With Andhra Pradesh staking claim for the milk chilling plant situated on the premises of the head office of AP Dairy Development Corporation at Lalapet here as per the provisions of the AP Reorganization Act, the division of the corporation’s staff and assets has stopped and the issue has gone to Centre’s notice.
According to official sources in the Telangana Secretariat, AP government officials are insisting that the milk chilling plant worth crores of rupees be allocated to their state because of its location.
The AP Dairy Development Corporation is included in the ninth schedule of the AP Reorganisation Act and all its assets should be distributed on “as is where is basis” except the staff and assets at the headquarters.
AP officials contend that the chilling plant stands on the premises of the headquarters of the corporation and it has to be divided between the two states. The two governments then consulted their respective auditors-general. The Lalapet chilling plant caters to certain districts of Telangana and also Anantapur in AP. “AP officials are now sending the milk procured at Anantapur to the Ongole plant. Yet, they are demanding a share in the Lalapet chilling plant,” a Telangana official said.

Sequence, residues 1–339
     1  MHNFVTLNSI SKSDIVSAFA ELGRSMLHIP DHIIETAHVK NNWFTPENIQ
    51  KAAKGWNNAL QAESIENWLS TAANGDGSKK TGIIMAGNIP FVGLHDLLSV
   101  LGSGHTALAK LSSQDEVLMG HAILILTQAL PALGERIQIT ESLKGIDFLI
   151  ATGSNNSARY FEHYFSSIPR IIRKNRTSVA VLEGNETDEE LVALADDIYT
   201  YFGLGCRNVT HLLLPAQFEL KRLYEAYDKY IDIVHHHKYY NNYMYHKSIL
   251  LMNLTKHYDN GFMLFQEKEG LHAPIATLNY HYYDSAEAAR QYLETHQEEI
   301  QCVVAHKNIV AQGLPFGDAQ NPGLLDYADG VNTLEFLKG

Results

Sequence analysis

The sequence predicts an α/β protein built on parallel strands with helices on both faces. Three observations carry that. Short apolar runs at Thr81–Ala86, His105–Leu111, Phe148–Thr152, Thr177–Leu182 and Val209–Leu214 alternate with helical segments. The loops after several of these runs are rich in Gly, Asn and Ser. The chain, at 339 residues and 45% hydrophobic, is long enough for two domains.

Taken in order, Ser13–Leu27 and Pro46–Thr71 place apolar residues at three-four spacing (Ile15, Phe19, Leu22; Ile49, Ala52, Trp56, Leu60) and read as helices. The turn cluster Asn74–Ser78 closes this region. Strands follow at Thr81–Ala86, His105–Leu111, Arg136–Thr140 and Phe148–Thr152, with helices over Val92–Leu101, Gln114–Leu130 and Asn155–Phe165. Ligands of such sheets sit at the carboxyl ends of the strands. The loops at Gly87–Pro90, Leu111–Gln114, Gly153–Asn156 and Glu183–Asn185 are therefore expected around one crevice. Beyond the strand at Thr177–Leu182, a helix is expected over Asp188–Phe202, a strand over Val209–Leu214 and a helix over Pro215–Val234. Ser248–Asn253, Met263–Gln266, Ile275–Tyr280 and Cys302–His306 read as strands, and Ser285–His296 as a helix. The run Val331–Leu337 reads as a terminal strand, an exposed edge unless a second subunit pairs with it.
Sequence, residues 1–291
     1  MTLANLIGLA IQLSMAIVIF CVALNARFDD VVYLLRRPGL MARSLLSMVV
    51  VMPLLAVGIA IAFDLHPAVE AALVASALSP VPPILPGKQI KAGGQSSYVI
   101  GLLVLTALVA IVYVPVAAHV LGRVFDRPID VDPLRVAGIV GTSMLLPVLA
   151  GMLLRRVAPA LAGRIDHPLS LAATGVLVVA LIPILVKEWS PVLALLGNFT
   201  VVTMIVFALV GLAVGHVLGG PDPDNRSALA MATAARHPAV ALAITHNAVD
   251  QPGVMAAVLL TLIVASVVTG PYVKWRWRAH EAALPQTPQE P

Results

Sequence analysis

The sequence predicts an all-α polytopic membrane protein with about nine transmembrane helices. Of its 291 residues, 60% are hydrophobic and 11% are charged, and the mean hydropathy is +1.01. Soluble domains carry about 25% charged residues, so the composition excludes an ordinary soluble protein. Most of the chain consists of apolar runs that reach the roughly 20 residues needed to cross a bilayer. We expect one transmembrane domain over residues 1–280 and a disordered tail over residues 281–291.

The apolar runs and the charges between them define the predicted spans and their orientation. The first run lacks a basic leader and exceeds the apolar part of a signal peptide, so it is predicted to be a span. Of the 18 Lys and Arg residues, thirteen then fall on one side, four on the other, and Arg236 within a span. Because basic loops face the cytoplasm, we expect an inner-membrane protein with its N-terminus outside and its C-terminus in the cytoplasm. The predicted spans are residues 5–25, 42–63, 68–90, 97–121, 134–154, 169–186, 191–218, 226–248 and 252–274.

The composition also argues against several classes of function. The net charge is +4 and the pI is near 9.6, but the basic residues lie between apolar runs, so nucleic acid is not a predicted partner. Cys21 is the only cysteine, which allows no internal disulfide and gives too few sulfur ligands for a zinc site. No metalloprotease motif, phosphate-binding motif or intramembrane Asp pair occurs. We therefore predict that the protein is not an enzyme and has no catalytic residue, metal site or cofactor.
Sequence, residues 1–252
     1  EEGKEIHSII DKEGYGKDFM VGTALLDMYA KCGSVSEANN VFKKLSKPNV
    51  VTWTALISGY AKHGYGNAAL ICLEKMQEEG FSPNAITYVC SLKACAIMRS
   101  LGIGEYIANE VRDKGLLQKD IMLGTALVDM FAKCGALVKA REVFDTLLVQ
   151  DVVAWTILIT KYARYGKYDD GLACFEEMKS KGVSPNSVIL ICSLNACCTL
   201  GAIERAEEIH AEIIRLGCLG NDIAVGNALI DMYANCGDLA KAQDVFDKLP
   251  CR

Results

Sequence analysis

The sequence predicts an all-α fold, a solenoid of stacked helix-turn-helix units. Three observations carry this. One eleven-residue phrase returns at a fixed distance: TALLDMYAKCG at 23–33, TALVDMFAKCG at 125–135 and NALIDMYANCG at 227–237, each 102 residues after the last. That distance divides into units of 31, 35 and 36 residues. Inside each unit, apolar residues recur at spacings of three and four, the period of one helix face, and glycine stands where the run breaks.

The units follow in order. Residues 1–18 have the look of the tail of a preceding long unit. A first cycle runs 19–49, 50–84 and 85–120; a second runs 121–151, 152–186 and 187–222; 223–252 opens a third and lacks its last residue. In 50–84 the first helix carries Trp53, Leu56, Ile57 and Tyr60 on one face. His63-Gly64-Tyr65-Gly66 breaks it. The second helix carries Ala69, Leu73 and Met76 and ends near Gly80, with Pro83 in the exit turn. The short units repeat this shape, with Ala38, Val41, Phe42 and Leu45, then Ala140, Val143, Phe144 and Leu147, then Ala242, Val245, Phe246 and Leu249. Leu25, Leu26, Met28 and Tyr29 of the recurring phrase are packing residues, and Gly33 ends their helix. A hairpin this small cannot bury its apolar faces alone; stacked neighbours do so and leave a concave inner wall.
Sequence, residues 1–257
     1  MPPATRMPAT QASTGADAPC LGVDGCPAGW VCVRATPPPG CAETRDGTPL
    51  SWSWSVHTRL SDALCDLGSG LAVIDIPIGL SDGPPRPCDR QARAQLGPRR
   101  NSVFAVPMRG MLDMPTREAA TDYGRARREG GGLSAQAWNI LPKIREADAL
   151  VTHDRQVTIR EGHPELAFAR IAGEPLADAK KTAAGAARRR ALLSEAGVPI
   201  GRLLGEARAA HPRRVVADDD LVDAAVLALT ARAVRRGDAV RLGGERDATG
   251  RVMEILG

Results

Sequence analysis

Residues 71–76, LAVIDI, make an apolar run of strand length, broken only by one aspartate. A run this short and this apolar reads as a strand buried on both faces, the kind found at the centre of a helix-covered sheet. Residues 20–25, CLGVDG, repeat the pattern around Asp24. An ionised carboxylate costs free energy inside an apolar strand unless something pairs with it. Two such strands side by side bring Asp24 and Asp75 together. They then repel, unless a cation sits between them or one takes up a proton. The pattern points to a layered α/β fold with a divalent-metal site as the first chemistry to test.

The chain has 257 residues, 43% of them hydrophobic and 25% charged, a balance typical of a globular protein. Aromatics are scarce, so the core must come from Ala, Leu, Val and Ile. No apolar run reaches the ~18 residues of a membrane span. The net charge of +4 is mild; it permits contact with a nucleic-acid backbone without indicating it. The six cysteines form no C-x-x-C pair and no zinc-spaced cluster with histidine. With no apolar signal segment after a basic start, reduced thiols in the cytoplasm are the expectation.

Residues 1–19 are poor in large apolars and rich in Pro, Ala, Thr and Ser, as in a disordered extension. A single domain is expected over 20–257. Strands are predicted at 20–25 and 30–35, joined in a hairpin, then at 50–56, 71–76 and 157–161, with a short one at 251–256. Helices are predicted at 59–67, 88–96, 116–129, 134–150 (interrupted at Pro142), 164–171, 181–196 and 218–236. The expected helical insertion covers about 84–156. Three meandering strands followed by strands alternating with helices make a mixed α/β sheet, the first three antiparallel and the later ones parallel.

“The term of the Sheela Bhide Committee, which is supposed to bifurcate the organisations mentioned in the ninth and tenth schedules of the AP Reorganisation Act, is over. The central government did not extend the term of the committee. We have appealed to the Centre to decide the matter. But, there has been no response till date,” an official said.
This is not the case of AP Dairy Development Corporation alone since almost all the organisations and institutions mentioned in 9th and 10th schedules of the Act have not been divided officially so far.
APCO, Handicrafts Corporation and others were divided unofficially with the mutual consent of the two states. But with regard to a majority of the institutions, AP and TS locked horns over division of the assets and employees. There are eight cases pending before the Supreme Court now with regard to the disputes between AP and TS.
The term of the Sheela Bhide committee, which commenced functioning on June 5, 2014, ended a year after its constitution. It submitted reports in respect of 59 companies and finished only 65 per cent of its task. APSRTC and several other major institutions or organisations still remain to be divided between the two states. Even after 19 months since the combined state’s bifurcation, the fate of more than 200 institutions still hangs in balance.
“The Centre should entrust the unfinished job to a retired judge of High Court from any other state other than AP and TS for an impartial solution to the bifurcation issues,” suggested an official of Telangana.